Few weeks back newspaper were agog with the case of Maulvi Noorul Huda, who runs a madarassa in Deoband. He was forcibly alighted from an international flight and put in detention by the Delhi police because a lady co-passenger complained about his ‘suspicious behaviour.’ The police was told that his talk on his mobile informing his relatives about the expected take off of the plane (‘jahaz udane wala hai") aroused suspicion in the minds of his co-passenger. We were also told that it required no less than the Home Minister’s intervention to free him from detention without any false charges slapped against him. In fact, few enthusiasts in the police department wanted him booked under some pretext or the other to save their face. It was disturbing to note that the lady co-passenger who had lodged a false complaint against him and made him as well as his family members suffer many agonising moments, was allowed to go scotfree. Can one say that the case was an exception (as a section of the media wants us to believe) or that it is a reflection of the ongoing institutional discrimination against religious minorities, especially Muslims, of our society which has got societal sanction and legitimacy?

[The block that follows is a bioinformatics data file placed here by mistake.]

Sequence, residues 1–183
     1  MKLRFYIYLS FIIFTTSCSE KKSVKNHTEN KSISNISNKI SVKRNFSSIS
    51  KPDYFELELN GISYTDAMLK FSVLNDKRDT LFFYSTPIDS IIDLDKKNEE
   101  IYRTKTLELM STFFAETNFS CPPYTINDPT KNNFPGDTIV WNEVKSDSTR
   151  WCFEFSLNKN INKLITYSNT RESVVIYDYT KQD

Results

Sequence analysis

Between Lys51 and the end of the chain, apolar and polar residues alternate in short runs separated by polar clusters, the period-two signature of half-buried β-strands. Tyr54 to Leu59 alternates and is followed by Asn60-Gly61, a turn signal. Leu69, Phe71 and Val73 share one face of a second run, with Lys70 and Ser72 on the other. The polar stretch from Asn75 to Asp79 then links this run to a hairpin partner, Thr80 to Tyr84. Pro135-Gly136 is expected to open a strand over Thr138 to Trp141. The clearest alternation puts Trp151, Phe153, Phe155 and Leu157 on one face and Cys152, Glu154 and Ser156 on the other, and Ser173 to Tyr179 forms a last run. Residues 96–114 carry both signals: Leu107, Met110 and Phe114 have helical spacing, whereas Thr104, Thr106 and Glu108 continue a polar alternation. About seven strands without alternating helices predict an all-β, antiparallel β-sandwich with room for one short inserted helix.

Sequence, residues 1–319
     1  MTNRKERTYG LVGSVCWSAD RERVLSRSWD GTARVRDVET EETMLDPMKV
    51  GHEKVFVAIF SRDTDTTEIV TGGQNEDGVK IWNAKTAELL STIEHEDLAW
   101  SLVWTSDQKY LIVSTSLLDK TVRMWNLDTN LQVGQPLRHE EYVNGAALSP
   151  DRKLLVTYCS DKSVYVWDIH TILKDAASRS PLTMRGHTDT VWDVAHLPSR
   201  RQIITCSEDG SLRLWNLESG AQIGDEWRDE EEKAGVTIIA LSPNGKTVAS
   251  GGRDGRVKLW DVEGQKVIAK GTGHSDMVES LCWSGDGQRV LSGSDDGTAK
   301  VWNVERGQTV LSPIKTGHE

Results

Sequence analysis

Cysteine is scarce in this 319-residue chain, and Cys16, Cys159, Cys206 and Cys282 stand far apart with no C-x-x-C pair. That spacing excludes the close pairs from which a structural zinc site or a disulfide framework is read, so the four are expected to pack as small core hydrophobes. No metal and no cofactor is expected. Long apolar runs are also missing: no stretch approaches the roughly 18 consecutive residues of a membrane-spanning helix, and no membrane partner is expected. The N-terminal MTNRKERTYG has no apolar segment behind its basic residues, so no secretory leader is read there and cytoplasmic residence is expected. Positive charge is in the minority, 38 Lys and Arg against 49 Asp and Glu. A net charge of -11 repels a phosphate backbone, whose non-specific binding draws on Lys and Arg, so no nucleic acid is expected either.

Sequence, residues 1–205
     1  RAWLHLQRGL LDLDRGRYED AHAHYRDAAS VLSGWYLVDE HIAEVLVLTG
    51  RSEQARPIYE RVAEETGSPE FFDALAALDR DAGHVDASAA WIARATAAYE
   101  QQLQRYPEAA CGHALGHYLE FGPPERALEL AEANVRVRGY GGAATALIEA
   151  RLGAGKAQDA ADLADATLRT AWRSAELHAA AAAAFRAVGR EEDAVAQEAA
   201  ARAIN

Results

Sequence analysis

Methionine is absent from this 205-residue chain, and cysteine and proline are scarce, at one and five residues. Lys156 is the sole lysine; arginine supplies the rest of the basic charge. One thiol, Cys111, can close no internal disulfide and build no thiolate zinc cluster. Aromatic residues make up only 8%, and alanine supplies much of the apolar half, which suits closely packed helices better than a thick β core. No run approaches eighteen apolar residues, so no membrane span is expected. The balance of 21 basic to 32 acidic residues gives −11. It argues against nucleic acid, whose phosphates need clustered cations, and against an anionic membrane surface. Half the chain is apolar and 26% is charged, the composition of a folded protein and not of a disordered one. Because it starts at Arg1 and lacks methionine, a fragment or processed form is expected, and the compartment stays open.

Close on the heels of this piece of news came an important announcement from one of the premier agencies of the government which was an indirect acceptance of the fact that religious minorities as well as other deprived sections of our society have faced unfair treatment in terrorism-related incidents at the hands of the investigating agencies.
Reports appeared in a section of the media (viz. Jagran Rashtriya, 3 June 2010, ‘Alpasankhyakon se poochtach mein satark rahegi NIA) tells us that the said directive issued by its Director General Mr S.C Sinha, which discusses the planning and the priorities of the agency, asks the investigating officers to be ‘extra careful and sensitive towards the emotions of the minority communities as well as other oppressed and deprived sections of our society’ and ‘respect the rights of the accused during investigations’ and that the agency is required to complete the investigations in any particular case within a year and if for any reason it is not completed then the investigating officer will have to seek permission directly from the Director General.